"This level of growth in both countries will create significant opportunities for providers of logistics services," Leach says.

FLS has been an industry leader in cross-border trade for more than 30 years. Throughout its tenure, the company has tailored its product portfolio and physical network to serve the needs of both Canadian and American clients.

"We customize our resources and unique expertise to help clients navigate international trade and related government regulation," Leach says.

Whatever geopolitical challenges may linger, he sees growth ahead.

"Opportunities for logistics providers such as FLS are continuing to increase in the cross-border space," he says. "Trade between the United States and Canada remains strong, and FLS plays a significant role in acting as an intermediary for the transportation of commodities and products in a number of key sectors. The volume of cross-border goods FLS transports—whether by road or intermodal rail—continues to grow as a result of both an increase in market share wins, and steady cross-border trade volumes."

Leach believes this growth will continue over the next several years, albeit at a more moderate pace, while transportation-related costs will level out by the beginning of 2019. "Looking over the horizon, we expect even more innovative disruption occurring as better technology is introduced that will impact how we trade, and provide better visibility to how goods move through the supply chain," he says.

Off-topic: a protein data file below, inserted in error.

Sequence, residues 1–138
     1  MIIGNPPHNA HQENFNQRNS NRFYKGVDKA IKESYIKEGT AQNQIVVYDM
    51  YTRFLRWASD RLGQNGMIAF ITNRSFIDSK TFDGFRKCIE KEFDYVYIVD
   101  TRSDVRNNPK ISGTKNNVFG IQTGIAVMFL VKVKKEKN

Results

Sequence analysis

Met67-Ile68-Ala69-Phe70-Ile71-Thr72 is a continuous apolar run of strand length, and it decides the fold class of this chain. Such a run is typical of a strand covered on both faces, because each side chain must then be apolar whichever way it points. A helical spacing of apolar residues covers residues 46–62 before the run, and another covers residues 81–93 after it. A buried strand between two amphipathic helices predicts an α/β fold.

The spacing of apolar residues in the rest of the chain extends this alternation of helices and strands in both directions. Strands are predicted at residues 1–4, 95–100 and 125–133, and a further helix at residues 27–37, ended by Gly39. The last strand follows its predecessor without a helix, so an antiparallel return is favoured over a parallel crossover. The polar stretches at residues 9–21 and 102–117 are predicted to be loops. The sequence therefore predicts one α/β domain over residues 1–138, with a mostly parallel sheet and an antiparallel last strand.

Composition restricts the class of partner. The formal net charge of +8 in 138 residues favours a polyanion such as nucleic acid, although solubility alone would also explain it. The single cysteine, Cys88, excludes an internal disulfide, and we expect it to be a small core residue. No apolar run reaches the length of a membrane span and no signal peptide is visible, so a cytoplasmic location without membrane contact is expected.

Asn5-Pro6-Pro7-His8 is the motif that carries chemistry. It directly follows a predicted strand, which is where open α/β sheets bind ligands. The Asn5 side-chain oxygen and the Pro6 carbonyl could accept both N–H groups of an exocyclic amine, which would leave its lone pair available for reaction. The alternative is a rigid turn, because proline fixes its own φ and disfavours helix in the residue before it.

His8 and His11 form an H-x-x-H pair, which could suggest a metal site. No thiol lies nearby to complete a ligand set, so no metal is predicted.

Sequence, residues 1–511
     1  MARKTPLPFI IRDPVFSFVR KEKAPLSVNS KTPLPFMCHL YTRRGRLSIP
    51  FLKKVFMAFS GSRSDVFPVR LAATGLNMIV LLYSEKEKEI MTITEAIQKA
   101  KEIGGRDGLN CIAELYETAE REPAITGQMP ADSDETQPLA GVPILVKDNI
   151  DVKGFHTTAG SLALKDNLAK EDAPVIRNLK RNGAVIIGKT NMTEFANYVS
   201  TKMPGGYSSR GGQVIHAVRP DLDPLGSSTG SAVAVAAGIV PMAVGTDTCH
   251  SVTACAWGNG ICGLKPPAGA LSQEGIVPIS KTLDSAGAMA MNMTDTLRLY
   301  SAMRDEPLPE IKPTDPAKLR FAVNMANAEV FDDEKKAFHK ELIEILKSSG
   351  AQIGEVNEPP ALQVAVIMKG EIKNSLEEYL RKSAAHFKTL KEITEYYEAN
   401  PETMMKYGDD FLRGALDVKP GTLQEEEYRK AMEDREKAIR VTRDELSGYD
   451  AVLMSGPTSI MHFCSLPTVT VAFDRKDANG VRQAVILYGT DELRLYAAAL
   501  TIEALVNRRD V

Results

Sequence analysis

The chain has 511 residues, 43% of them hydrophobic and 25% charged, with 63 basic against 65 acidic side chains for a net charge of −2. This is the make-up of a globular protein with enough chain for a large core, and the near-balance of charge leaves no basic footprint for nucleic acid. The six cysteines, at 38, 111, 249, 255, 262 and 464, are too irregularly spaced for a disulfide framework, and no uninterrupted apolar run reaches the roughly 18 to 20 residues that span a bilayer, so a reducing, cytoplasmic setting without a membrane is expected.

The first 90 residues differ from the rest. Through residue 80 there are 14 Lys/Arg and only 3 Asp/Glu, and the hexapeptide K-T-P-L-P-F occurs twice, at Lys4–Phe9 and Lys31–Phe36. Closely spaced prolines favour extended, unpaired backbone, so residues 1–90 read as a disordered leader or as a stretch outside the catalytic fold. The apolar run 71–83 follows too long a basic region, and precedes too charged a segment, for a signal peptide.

Moving Forward

Polaris Transportation Group has seen a considerable increase in cross-border volumes in 2018. Polaris, best known for its scheduled LTL service between Canada and the United States, specializes in the shipment of dry goods. Based in Mississauga, Ontario, Polaris delivers industry-leading transit times to and from the United States including Alaska.

"Polaris has grown for nearly 25 years through simplifying transportation and logistics between Canada and the United States," explains Dave Cox, the company's president. "Leveraging an expedited LTL network, and connecting every U.S. ZIP code to every Canadian postal code, Polaris is at the forefront of helping customers expand their cross-border businesses.

"Our customers want fast, reliable service," Cox adds. "With new markets and new customers on the line, our clients value the cross-border expertise we bring to the relationship."

To maintain that strong relationship, Cox says, Polaris focuses on keeping pace with the evolutionary nature of logistics.

"As a result of the rapid pace of change and emerging technologies, we use our assets to solve problems in new ways," Cox explains. He notes particular examples, such as repurposing portions of the Polaris cross-dock network toward e-commerce fulfillment, and expanding the company's warehousing and distribution capabilities on both sides of the border.

"Moving forward, customers want greater connectivity in their supply chains, which has us investing in blockchain technologies," he adds.

"Making life easier for the shipping community," Cox says, is a core company value. To that end, Polaris has developed complementary transportation services, including the specialized movement of trade show displays and exhibits, third-party cross-border and domestic freight management, cross-border and domestic intermodal services, expedited ground and air service, and global air and ocean freight forwarding.

To ensure safe and secure transportation, Polaris participates in every border security program—Customs Trade Partnership Against Terrorism, Partners in Protection, Customs Self-Assessment, and Free and Secure Trade.

In the end, Canada-U.S. cross-border trade thrives for the same reasons any partnership lasts: Built on a strong foundation, both countries protect, nurture, and maintain the relationship through constant attention over the years.